WITHIN THE FIRST 24 - 48 HOURS periods of appropriate physical exercises alternated with relaxation will alleviate some of the physical reactions.
Structure your time - keep busy.
You're normal and having normal reactions - don't label yourself crazy.
Talk to people - talk is the most healing medicine.
Be aware of numbing the pain with overuse of drugs or alcohol You don't need to complicate this with a substance abuse problem.
Reach out - people do care.
Maintain as normal a schedule as possible.
Spend time with others and talk about what happened to you.
Help others who were affected as much as possible by sharing feelings and checking out how they are doing.
Give yourself permission to feel rotten and share your feelings with others.
Keep a journal. Write down your thoughts and feelings about the incident. Research has shown this is very effective for symptom reduction and resolution of the trauma.
Do things that feel good to you.
Realize those around you are under stress.
Don't make any big life changes.
Do make as many daily decisions as possible which will give you a feeling of control over your life, i.e., if someone asks you what you want to eat - answer them even if you're not sure.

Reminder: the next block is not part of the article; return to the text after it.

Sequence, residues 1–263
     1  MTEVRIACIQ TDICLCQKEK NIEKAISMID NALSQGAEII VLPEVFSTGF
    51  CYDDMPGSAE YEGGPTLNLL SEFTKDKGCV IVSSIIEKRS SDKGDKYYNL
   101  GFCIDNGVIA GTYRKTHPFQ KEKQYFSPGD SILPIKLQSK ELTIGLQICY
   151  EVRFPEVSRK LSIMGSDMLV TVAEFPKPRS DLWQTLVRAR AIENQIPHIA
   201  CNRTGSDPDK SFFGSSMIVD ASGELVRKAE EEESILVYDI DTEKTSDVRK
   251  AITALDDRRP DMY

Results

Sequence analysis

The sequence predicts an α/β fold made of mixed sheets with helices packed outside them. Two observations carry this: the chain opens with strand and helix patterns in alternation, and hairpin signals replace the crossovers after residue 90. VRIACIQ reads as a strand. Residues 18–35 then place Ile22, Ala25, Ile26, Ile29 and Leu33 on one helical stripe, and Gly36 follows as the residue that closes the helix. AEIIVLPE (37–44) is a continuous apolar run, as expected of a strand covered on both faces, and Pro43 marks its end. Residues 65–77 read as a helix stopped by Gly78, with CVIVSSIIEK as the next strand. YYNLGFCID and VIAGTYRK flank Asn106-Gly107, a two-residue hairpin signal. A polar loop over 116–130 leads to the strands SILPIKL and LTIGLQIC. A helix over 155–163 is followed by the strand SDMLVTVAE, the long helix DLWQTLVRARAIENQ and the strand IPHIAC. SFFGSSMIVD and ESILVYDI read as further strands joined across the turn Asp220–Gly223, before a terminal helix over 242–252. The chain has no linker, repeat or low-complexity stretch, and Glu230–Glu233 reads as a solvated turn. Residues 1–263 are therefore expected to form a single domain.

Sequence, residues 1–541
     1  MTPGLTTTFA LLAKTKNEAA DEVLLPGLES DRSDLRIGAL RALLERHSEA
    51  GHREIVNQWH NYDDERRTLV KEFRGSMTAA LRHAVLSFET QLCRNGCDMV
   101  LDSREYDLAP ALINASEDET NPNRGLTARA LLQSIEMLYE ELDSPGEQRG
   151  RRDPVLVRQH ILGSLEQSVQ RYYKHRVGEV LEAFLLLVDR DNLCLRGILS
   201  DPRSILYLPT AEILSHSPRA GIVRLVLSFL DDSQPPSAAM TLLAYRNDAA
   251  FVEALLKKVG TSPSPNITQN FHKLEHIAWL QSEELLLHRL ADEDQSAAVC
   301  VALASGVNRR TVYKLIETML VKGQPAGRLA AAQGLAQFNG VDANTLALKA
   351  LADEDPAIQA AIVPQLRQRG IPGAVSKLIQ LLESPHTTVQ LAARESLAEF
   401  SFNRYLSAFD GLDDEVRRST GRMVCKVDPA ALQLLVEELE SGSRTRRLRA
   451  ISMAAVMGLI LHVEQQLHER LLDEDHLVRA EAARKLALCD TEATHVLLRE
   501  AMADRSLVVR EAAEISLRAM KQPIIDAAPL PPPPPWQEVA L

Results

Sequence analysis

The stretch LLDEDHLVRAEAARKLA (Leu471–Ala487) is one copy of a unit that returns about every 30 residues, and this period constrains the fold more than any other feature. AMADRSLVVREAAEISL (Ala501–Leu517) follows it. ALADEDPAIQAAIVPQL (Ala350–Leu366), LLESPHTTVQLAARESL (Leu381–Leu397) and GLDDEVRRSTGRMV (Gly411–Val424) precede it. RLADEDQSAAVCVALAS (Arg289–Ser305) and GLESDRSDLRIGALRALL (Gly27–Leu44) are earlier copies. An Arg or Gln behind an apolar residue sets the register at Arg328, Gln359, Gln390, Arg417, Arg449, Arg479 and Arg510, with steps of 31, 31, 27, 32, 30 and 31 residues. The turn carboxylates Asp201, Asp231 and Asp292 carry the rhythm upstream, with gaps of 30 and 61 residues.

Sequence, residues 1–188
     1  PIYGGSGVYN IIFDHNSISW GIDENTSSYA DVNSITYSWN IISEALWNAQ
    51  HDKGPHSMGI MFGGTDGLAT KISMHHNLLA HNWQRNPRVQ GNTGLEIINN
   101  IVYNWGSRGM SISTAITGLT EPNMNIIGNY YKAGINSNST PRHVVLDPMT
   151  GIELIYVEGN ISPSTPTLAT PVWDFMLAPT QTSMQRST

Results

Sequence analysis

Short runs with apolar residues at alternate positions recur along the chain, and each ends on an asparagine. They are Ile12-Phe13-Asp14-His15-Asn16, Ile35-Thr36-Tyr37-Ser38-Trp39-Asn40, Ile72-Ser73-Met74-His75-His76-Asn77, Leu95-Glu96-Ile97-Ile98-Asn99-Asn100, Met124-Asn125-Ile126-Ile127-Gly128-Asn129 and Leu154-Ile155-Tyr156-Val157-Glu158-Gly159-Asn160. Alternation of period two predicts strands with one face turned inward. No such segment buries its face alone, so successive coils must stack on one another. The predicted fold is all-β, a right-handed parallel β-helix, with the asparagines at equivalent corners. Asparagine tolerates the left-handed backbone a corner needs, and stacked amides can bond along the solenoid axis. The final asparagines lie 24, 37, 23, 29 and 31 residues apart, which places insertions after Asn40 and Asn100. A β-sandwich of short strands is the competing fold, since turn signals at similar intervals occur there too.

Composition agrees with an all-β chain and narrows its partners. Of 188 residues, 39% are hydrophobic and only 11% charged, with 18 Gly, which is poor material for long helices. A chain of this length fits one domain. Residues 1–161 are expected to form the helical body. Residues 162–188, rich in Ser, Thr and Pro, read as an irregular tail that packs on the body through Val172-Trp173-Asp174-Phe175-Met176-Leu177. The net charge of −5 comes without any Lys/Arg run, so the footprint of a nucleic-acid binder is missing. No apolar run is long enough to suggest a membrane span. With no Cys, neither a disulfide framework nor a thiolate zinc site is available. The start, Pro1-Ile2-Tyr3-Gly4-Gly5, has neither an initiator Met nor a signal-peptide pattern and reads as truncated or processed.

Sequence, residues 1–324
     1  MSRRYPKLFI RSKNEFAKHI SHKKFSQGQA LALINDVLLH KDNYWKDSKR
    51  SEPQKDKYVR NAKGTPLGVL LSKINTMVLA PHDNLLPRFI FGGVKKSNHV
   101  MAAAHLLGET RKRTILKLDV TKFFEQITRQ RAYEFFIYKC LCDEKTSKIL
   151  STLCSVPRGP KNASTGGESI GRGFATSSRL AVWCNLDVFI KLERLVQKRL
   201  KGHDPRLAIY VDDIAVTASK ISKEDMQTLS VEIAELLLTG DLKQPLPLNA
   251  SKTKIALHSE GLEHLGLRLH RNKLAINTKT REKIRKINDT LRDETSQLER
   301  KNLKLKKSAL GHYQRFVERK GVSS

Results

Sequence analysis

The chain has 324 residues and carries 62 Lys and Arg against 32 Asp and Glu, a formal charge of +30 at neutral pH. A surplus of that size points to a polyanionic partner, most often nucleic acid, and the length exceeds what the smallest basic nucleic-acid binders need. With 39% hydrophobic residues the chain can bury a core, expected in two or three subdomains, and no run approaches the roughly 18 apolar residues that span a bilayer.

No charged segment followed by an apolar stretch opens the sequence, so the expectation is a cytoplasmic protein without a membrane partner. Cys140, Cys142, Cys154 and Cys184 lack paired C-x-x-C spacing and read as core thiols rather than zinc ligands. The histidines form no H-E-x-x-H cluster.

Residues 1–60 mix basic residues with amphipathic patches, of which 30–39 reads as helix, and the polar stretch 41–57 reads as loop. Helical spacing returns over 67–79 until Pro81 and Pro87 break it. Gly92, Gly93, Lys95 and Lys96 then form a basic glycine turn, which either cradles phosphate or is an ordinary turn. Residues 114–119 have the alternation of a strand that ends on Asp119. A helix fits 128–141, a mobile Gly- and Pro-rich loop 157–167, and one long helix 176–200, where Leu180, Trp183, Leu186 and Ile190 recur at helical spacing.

Get plenty of rest.
Reoccurring thoughts, dreams or flashbacks are normal - don't try to fight them - they'll decrease over time and become less painful.
Eat well-balanced and regular meals (even if you don't feel like it).
For Family and Friends
Spend time with the traumatized person.
Offer your assistance and a listening ear if they have not asked for help.
Reassure them that they are safe.
Help them with everyday tasks like cleaning, cooking, caring for the family, minding children.
Give them some private time.
Don't take their anger or other feelings personally.
Don't tell them that they are "lucky it wasn't worse" - traumatized people are not consoled by those statements. Instead, tell them that you are sorry such an event has occurred and you want to understand and assist them.